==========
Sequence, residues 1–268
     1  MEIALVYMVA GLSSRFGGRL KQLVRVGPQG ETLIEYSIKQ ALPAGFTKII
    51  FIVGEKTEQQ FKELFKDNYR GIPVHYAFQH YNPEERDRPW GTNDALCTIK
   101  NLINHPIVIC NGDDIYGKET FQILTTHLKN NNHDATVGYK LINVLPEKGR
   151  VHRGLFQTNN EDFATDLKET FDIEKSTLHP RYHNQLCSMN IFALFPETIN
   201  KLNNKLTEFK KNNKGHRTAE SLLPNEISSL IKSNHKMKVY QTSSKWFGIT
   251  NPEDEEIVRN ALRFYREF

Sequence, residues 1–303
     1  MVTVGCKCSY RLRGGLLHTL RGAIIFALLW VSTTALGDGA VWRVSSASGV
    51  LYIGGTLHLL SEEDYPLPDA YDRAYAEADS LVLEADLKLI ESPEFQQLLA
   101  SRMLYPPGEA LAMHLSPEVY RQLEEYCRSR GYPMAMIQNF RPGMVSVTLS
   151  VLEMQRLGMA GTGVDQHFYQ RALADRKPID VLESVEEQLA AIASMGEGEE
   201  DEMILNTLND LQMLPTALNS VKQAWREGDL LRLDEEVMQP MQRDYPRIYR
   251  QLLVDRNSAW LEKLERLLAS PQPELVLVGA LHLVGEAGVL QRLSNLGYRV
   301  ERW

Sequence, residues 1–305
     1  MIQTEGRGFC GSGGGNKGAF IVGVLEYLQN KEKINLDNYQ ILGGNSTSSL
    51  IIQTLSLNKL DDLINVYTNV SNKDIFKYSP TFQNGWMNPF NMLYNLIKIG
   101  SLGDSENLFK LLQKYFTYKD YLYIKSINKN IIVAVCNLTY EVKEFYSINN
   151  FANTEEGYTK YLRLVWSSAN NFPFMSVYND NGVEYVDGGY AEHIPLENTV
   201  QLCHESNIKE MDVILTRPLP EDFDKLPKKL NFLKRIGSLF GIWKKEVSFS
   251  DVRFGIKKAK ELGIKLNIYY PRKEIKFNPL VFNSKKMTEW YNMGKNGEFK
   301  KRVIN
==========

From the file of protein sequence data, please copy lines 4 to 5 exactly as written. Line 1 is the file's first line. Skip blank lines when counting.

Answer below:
   101  NLINHPIVIC NGDDIYGKET FQILTTHLKN NNHDATVGYK LINVLPEKGR
   151  VHRGLFQTNN EDFATDLKET FDIEKSTLHP RYHNQLCSMN IFALFPETIN